Walking into a music store for me is like walking into a small slice of heaven. It’s like I can feel a bit of drool dripping off my bottom lip as I salivate thinking about owning all the exquisite instruments hung up on the walls. I’m sure most piano players can relate to these sentiments. However, as much as I would like to own all of the high-end Rolands, Yamahas, and Korgs at the same time, the truth is my pockets just aren’t that deep.
So when I’m done drooling over all the latest models, reality sets in and I realize I have to create some kind of budget to stay under, even though sticking to it may be hard. In the world of digital pianos this is especially important, as many times you may learn through a bit of searching that a lower priced piano has all the features of many higher priced models, just none of the fanfare.
The Williams Allegro 88-key digital piano falls exactly into this category. The truth is, the first time I saw this piano I had no idea who Williams Pianos was, or any familiarity with their products. Honestly, even on their website it’s hard to find out much about the company’s history or how they came about. It doesn’t take away from the fact the Allegro is a decent piece of machinery, and it’s a competent choice for the entry-level, frugally minded piano player.
Piano Buyer’s Guide
Below, please enjoy the interactive guide that was created to make your piano purchase easier. Compare the affordable Williams Allegro to the best pianos in its class based on weight, price, and even customer reviews from Amazon.com.
$ = $500 or less | $$ = $500 – $1,000 | $$$ = $1,000 and up
|Casio PX-160||88||$||Dual Headphone Outputs on Front|
|Alesis Recital||88||$||Semi-Weighted Keys|
|Casio PX-S1000||88||$$||18 Sounds, Bluetooth Capability|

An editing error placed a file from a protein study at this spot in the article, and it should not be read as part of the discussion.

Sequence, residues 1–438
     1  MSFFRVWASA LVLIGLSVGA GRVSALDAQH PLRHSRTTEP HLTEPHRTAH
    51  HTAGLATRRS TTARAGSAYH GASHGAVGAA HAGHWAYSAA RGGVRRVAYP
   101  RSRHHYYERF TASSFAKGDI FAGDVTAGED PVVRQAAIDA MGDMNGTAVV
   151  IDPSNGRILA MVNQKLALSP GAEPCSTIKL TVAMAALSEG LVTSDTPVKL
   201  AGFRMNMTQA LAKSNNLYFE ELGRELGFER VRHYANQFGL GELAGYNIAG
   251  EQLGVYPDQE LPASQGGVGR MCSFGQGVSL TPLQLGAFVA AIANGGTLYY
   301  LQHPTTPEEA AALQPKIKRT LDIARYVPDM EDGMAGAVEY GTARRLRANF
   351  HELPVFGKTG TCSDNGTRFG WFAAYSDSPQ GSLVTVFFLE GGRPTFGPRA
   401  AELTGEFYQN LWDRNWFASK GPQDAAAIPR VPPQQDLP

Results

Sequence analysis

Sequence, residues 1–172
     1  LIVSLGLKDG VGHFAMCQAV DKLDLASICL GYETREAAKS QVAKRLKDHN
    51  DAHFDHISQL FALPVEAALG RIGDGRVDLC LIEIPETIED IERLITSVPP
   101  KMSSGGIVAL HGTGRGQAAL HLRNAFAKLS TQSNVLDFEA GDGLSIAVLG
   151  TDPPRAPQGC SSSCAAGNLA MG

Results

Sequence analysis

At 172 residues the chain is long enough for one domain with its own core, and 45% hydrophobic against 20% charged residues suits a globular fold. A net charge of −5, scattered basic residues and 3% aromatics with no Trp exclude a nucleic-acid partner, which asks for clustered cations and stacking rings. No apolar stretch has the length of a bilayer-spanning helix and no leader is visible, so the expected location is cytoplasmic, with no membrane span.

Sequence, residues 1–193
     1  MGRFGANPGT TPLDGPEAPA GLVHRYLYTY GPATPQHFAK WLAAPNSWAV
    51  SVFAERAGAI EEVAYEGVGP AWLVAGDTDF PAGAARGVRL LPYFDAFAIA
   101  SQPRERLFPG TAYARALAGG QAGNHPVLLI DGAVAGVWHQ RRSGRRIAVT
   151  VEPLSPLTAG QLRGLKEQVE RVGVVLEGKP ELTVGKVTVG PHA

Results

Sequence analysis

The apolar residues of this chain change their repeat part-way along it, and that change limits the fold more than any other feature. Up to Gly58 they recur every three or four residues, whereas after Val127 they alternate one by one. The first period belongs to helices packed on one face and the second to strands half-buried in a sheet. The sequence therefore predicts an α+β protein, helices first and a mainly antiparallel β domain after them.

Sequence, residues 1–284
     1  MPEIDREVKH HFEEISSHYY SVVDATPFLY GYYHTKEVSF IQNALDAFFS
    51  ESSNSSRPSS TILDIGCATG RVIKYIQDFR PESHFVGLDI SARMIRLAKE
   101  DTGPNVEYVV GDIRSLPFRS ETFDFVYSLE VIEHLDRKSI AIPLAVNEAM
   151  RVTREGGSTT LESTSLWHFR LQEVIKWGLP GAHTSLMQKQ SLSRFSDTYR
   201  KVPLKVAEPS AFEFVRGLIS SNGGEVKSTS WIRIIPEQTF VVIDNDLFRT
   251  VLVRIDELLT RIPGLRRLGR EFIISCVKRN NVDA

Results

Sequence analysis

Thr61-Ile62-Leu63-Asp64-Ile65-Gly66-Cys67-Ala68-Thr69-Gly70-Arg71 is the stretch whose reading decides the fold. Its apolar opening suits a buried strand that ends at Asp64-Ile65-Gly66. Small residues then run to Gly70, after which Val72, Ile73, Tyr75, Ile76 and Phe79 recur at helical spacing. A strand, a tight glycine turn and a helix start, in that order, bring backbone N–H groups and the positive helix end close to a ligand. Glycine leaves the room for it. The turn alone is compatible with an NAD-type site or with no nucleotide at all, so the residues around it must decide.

|Donner DEP-20||88||$$||Fully-Weighted Keys|
|Casio WK6600||76||$||700 Tones|
|Yamaha P-45||88||$||64 Note Polyphony|
|Yamaha P-125||88||$$||GHS Weighted Action|
|Yamaha P-515||88||$$$||Natural Wood X Key Action|
Williams Allegro Review: Features
This digital piano provides the basics of the basics. It comes in one color, black, and the look of its overall design leaves much to be desired, other than its infused ‘W’ and ‘M’ logo, which I thought was pretty cool. It surely doesn’t come with a fancy stand, and the sustain pedal is known to become faulty a bit too quickly. The speakers are small and don’t give that great of a sound, but they get the job done.
However, I was pleasantly surprised at the general feel of the Allegro’s key bed. The keys are by no means ‘graded’, like many digital pianos, where the feel of a real piano is replicated with heavier bass keys and lighter treble keys. But the keys are weighted, and they have a bit of a realistic feel to them. Certainly there are better digital pianos that have an almost identical acoustic piano feel, but for the price, this Williams Allegro does have good hammer-action for its key bed. However, like the sustain pedal the keys seem to have a bit of a durability issue, and after some time they can start to stick and lose their effectiveness.